James Townsend, “Chinese Nationalism” in The Australian Journal of Chinese Affairs, 27, 1992, pp. 97-130
Fiskesjö, Magnus, “Rescuing the Empire: Chinese Nation-building in the Twentieth Century”, in European Journal of East Asian Studies, 5:1, 2006, pp. 15-44
Thomas Mullaney, “Ethnic Classification Writ Large”, in China Information, 18:2, 2004, pp. 20-241
Nimrod Baranovitch, “From Resistance to Adaptation: Uighur Popular Music and Changing Attitudes among Uighur Youth”, in The China Journal, 58, 2007, pp. 59-82.
Stevan Harrell, Ways of Being Ethnic in Southwest China, Seattle: University of Washington Press, 2001, Chaps. 3 and conclusion (REFERENCE ROOM)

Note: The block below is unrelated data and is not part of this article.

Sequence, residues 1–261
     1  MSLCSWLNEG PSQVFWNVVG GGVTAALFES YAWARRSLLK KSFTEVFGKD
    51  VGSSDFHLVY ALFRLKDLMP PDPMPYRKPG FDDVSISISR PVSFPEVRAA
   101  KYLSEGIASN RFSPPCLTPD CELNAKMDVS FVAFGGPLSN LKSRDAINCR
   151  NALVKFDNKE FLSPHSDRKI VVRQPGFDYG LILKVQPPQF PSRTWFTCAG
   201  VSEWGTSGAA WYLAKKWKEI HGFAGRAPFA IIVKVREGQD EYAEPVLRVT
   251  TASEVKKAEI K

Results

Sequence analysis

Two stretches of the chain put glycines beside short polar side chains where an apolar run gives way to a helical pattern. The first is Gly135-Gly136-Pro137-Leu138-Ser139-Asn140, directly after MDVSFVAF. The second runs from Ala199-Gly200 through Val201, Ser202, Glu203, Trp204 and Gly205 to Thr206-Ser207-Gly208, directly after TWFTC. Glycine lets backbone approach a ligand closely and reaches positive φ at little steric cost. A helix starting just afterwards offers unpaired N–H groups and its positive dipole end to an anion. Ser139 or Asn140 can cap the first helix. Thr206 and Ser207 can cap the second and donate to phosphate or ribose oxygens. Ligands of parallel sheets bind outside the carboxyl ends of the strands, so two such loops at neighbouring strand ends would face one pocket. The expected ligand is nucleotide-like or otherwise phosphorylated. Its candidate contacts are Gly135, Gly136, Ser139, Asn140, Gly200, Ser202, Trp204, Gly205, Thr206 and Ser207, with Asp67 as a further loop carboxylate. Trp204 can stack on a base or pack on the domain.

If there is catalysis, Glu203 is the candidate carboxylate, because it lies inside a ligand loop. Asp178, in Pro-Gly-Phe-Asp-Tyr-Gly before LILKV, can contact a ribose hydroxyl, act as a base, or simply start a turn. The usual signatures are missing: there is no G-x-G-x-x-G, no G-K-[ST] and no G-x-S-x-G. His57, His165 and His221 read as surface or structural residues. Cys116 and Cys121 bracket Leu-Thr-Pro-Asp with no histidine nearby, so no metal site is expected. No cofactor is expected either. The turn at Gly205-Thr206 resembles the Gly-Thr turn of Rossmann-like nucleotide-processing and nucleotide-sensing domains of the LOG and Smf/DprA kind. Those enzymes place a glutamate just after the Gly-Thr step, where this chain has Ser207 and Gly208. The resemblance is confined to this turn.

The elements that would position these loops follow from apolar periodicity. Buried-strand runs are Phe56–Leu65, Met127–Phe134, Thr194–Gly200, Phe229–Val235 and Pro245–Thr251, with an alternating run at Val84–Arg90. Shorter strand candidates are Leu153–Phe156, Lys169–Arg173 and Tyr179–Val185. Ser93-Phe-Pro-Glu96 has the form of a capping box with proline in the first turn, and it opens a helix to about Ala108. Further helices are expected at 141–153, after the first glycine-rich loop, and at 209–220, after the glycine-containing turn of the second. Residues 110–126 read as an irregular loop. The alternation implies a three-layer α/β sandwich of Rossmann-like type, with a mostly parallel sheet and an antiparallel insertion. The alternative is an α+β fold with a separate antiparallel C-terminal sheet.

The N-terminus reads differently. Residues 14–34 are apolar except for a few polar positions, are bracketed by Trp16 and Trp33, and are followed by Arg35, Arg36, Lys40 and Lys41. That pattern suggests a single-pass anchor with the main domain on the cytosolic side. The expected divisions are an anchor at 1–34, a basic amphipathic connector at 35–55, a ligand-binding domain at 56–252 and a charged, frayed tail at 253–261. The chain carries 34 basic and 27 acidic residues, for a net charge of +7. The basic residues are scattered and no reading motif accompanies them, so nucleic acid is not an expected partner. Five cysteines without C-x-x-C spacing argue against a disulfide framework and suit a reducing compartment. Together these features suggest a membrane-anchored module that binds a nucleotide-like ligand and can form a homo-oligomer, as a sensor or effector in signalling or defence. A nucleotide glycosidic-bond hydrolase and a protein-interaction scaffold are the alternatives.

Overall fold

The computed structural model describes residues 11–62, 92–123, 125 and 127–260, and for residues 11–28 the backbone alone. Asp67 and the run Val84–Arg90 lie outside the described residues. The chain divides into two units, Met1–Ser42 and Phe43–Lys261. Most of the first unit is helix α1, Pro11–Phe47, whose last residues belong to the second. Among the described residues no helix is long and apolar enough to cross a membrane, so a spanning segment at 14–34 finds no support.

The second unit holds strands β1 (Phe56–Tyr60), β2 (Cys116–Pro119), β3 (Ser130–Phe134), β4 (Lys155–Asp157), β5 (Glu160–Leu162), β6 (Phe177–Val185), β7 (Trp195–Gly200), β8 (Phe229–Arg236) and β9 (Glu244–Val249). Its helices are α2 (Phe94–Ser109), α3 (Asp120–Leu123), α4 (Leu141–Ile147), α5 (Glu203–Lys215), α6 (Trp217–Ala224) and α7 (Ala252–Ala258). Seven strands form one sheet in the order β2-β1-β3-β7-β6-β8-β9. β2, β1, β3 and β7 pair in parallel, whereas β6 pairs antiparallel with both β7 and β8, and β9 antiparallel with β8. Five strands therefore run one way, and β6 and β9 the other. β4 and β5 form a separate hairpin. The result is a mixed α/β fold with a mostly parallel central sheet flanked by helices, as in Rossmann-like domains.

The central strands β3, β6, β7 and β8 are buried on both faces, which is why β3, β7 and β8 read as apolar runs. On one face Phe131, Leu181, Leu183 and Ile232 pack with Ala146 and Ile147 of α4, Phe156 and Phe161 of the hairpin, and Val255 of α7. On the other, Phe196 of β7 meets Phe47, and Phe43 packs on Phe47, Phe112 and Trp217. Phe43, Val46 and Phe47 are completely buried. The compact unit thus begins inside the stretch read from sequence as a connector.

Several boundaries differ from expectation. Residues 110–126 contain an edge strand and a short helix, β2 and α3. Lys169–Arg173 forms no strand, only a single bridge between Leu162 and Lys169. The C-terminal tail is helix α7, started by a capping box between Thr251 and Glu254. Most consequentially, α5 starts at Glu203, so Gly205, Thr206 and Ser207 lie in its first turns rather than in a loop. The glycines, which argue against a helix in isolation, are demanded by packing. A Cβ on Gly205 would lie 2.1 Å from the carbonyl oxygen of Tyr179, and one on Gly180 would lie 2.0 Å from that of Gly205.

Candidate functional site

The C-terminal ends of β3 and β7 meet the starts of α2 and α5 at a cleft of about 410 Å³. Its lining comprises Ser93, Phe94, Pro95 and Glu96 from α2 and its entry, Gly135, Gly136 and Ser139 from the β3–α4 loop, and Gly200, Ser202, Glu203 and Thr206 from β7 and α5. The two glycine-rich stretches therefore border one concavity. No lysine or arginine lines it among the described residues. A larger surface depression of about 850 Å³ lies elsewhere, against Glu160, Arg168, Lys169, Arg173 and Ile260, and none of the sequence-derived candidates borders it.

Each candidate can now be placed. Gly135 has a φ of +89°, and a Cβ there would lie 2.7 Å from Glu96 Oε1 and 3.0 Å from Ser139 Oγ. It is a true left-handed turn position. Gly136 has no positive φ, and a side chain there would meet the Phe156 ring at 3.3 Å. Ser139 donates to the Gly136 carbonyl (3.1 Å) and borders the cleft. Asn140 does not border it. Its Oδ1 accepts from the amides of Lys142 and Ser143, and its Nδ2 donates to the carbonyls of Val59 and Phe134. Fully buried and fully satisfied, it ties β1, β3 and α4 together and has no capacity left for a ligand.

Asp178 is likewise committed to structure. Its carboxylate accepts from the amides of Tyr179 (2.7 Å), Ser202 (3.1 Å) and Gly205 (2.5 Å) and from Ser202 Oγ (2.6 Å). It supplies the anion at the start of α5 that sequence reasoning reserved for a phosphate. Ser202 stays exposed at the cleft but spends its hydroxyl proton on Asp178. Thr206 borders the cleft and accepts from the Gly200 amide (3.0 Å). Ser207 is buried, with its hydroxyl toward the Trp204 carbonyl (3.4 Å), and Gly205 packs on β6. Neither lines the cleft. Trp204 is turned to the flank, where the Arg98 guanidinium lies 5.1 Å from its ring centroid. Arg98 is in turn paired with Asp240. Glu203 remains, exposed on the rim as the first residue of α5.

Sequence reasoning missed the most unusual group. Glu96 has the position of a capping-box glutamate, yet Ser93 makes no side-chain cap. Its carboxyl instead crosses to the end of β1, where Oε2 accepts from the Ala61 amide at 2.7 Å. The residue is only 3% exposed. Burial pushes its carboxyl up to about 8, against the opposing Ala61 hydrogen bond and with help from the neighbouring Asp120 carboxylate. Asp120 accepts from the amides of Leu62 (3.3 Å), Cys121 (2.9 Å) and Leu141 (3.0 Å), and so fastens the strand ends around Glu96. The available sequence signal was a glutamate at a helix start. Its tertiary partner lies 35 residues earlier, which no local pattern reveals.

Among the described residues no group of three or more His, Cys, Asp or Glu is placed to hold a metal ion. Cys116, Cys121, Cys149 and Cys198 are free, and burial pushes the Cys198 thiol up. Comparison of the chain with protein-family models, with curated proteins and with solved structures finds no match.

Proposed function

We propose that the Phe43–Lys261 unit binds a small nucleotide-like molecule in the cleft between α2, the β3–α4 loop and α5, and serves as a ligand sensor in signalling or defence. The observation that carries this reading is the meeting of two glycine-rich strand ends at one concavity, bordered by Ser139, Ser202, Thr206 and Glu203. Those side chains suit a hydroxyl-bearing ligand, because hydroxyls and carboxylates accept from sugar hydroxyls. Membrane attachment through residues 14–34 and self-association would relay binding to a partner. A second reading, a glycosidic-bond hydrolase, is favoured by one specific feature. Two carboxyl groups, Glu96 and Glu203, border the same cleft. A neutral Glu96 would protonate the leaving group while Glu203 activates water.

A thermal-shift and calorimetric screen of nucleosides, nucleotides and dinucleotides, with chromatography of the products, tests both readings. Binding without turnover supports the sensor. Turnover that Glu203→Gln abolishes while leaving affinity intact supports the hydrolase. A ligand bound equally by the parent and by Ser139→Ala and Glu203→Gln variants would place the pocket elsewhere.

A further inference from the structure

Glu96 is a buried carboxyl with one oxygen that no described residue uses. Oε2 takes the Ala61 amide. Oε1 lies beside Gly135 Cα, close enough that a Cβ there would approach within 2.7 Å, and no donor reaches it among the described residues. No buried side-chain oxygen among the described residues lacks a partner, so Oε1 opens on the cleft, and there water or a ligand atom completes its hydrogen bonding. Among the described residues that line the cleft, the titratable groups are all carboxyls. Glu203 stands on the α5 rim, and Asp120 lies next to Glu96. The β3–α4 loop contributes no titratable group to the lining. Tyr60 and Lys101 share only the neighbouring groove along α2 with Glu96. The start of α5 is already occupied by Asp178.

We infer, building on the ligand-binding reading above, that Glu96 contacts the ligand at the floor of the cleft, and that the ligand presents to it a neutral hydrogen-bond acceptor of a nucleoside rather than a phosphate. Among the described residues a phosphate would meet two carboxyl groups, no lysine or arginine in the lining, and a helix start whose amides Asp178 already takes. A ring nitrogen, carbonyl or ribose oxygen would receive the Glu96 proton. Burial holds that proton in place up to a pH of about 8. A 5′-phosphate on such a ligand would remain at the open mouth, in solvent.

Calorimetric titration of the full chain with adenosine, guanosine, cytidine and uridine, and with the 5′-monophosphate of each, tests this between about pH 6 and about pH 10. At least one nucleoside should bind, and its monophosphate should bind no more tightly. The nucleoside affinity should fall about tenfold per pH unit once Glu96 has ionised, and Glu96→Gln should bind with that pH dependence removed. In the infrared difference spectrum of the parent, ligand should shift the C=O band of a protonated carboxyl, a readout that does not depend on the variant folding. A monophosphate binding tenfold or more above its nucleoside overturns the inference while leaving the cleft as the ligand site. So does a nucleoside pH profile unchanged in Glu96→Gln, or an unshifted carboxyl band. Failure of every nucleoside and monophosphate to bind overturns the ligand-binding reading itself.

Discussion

Class Discussion: The Chinese State and Policy Output (Dec. 6)
Lecture 10 (Dec. 13)
Civil Society, State Capacity and the Future of Chinese Politics
Andrew J. Nathan, “Authoritarian Resilience,” in Journal in Democracy, 14, 2003, pp. 6-17
Minxin Pei, China’s Trapped Transition, Cambridge, MA: Harvard University Press, 2006, pp. 96-166. (REFERENCE ROOM)
Bruce Gilley, China’s Democratic Future: How It Will Happen and Where It Will Lead, New York: Columbia University Press, 2004, pp. 27-94. (NET RESOURCE)
Elizabeth J. Perry, “Studying Chinese Politics: Farewell to Revolution?”, in The China Journal, 57, 2007, pp. 1-22
Andrew J. Nathan and Kellee S. Tsai, “Factionalism: A New Institutionalist Restatement”, in The China Journal, 34, 1995, pp.157–92.
Li Cheng, “China’s Team of Rivals”, in Foreign Policy, March/April 2009
Jian Zhang, “Nationalisms, Democracy and the Trajectory of Chinese Politics”, paper presented at the Symposium on Democracy in Divided Societies, University of Sydney, April, 2010